Use two-factor authentication for your online services
Alert Priority Moderate
With more of us storing and sharing our personal and organisational information online, online safety and security needs to be a critical part of our life and business planning. One important feature you should use − where available from online services − is two-factor authentication.
Two-factor authentication involves two different criteria, or factors, used to authorise your access. Typically, these factors are something only you know (like a password) and something only you have (like your mobile phone). For example, when logging on to an account with your password, a one-time code may be sent to you as a text message. You will then be asked to enter the code that was texted to you as the second factor of authentication into the website you are attempting to access.
If you use any service that offers additional factors for authentication, we advise you to enable and use these.
It is still important that you keep both factors secure. If sending a text to your mobile phone is the second factor, you should keep your phone safe and set the PIN or password to lock it, in case you lose it. The Stay Smart Online website has a comprehensive list of steps to secure your mobile device.
Many of the world’s most popular online services have introduced an optional second factor to their log-on processes, but others are still to do so. You can usually find an option for enabling two-factor authentication in your account settings for each site. Businesses that collect personal or business information are encouraged to offer two-factor authentication as an option for customers wherever possible.
If scammers or hackers can access and harvest your personal and financial information, the consequences can be damaging – your identity could be stolen, your bank accounts emptied, or critical business operations may be disrupted.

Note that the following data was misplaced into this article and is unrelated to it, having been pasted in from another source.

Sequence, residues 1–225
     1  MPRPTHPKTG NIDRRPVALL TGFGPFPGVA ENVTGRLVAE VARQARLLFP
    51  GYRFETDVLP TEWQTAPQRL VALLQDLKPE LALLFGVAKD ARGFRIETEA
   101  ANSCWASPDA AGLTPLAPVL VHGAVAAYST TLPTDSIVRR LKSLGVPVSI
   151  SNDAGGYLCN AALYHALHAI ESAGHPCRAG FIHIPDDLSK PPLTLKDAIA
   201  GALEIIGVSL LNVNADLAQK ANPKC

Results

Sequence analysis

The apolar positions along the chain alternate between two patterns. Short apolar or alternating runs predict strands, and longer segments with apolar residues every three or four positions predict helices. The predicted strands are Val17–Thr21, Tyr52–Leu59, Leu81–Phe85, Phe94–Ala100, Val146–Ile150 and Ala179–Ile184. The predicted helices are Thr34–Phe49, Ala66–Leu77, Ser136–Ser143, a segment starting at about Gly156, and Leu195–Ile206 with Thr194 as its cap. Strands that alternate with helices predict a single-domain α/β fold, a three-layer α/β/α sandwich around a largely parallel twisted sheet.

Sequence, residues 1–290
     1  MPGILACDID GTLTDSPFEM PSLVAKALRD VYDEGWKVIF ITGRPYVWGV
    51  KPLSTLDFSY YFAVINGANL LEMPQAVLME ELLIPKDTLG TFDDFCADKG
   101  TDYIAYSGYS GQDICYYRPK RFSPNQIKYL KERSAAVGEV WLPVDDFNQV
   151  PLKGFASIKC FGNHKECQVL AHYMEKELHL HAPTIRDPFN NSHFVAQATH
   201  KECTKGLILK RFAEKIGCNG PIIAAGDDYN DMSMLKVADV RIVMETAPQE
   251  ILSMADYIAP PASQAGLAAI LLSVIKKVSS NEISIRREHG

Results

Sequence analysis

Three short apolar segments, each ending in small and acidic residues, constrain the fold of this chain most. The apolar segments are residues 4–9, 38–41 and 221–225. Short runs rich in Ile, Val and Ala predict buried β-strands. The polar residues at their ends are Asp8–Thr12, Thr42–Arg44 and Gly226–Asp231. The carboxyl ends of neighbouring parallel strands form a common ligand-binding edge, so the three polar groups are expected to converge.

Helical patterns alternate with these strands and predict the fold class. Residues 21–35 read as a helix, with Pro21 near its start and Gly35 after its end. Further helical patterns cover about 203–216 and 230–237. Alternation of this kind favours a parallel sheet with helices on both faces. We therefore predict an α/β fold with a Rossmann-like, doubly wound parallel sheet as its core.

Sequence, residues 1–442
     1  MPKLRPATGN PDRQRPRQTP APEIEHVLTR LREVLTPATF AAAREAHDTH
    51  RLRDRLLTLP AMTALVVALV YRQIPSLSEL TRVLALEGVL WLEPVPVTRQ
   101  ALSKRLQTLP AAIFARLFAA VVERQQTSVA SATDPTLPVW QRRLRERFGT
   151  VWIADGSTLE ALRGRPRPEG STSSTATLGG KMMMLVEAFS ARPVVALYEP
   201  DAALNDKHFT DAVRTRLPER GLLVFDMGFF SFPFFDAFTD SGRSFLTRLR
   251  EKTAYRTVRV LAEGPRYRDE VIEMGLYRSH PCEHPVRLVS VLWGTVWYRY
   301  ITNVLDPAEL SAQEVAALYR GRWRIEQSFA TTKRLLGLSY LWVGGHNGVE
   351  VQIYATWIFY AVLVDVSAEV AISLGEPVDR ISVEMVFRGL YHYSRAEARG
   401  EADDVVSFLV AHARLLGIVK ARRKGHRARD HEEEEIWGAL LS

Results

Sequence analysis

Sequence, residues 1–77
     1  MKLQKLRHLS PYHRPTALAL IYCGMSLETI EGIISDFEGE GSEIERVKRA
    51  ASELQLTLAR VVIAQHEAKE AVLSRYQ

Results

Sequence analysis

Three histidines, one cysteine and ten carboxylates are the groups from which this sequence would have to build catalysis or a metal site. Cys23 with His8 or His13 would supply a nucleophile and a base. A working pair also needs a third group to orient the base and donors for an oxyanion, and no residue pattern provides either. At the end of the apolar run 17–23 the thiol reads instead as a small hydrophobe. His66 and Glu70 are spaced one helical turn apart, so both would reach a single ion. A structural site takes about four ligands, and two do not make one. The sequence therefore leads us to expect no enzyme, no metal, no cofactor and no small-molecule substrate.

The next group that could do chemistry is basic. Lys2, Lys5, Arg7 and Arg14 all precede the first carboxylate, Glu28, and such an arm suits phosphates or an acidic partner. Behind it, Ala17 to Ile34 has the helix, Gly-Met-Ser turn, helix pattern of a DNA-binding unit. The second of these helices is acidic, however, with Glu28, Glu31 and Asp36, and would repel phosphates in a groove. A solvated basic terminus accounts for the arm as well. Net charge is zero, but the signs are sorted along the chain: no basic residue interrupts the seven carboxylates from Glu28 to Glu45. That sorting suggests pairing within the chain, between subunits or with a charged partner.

While there is no silver bullet for security, choosing websites or apps that offer two-factor authentication provides you with additional protection. You should also continue to use a strong and unique password for each site or service you use. It is one of the core things you can control to be safer online.
Please note that many email-only subscription services, such as the Stay Smart Online Alert Service, do not collect personally identifying information so offering two-factor authentication would be unnecessarily onerous for subscribers.
The information provided here is of a general nature. Everyone's circumstances are different. If you require specific advice you should contact your local technical support provider.
Thank you to those subscribers who have provided feedback to our Alerts and Newsletters. We are very interested in your feedback and where possible take on board your suggestions or requests.
This information has been prepared by Enex TestLab for the Department of Communications ('the Department'). It was accurate and up to date at the time of publishing.
This information is general information only and is intended for use by private individuals and small to medium sized businesses. If you are concerned about a specific cyber security issue you should seek professional advice.
The Commonwealth, Enex TestLab, and all other persons associated with this advisory accept no liability for any damage, loss or expense incurred as a result of the provision of this information, whether by way of negligence or otherwise.
Nothing in this information (including the listing of a person or organisation or links to other web sites) should be taken as an endorsement of a particular product or service.
Please note that third party views or recommendations included in this information do not reflect the views of the Commonwealth, or indicate its commitment to a particular course of action. The Commonwealth also cannot verify the accuracy of any third party material included in this information.
Email: staysmartonline [at] communications.gov.au
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